Curing Dry Skin and Other Common Foot Problems

dry skinMost people find that the heels are especially susceptible to dry skin. And while this problem may seem merely cosmetic, particularly for frequent sandal-wearers, dry skin of the feet can actually cause more severe foot complications, including foot pain and the following problems:

Bunions: These abnormal bony prominences develop on the base of the toe joint, most commonly on the big toes, although some develop on smaller toes. Not all bunions cause problems, although some can cause persistent pain.

Corns/ Calluses: These common skin growths result from pressure or friction on the feet. Corns often appear as thickened skin on the top and sides of the toes, and are typically around one-fourth inch to one-half inch in diameter. Hardened in the center, corns can be painful when pressure is placed on them. Calluses, however, are not painful, and typically appear as rough layers of skin around one inch or more in diameter.

Causes of Dry Skin of the Feet

Although some people have naturally dry skin, many acquire it as they age and the body naturally produces less moisture and loses elasticity. Although dry skin can appear on any part of the body, the feet are most prone to dry skin—more specifically, the heels. Severe dry skin conditions that may also affect the feet include psoriasis and eczema, which often lead to rashes, scaling, and painful cracking of the skin. If you do not have a skin condition but continue to struggle with chronic dry skin on the heels, see your doctor to rule out thyroid problems or diabetes, which may cause poor circulation and skin changes.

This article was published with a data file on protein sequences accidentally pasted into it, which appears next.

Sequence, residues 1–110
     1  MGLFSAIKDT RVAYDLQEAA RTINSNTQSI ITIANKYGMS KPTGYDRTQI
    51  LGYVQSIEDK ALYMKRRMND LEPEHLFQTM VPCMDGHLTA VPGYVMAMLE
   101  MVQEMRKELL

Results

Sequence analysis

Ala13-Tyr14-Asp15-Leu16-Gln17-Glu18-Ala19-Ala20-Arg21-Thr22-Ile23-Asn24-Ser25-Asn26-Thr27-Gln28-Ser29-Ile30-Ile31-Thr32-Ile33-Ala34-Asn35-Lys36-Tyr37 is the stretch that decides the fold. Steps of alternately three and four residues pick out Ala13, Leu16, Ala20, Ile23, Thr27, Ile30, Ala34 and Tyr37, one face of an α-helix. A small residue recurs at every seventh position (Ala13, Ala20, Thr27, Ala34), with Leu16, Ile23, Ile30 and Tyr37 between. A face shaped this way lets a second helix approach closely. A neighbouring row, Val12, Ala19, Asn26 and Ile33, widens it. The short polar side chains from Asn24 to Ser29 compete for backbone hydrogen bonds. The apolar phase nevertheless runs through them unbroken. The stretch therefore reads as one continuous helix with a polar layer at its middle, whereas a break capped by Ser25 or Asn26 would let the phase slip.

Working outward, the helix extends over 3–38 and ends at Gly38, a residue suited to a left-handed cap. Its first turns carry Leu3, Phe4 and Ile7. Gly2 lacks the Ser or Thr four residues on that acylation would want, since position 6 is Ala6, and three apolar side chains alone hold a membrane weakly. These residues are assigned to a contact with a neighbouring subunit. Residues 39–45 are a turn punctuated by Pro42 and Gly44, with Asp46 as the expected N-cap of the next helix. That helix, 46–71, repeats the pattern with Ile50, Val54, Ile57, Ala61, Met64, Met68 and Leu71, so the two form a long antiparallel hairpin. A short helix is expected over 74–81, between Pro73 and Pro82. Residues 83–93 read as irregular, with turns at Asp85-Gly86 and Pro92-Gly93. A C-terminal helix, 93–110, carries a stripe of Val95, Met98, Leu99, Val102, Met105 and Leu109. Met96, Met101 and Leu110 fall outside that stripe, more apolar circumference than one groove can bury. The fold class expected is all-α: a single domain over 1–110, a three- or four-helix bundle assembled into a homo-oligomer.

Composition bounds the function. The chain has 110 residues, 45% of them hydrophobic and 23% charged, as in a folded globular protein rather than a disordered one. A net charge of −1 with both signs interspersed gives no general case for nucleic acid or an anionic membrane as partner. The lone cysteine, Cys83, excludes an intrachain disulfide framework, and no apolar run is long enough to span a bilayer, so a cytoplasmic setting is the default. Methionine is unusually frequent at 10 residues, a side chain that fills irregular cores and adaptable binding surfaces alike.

Curing Dry Skin of the Feet

No matter the cause of dry skin on your feet, you can drastically improve or cure the condition with a few simple steps.

• Soak your feet in warm water and Epsom salt. The soothing characteristics of chamomile tea likewise make a beneficial soak, which relaxes tired feet and softens dry skin.

• Use a pumice stone to slough off dead skin. Do this immediately after a shower or bath, when skin is supple.

• Thoroughly dry skin with a clean, cotton towel and slather on moisturizer. Foot salve is preferred over lotion because it is thicker and does not contain harsh dyes or perfumes.

• Cover feet with cotton socks so the product absorbs well and feet stay warm and moist.

In addition to these self-care measures, choose well-fitting shoes over stylish heels or slender-toed boots, which may cause skin to thicken as pressure is placed on toes and nerves.

 References: Mayo Clinic:
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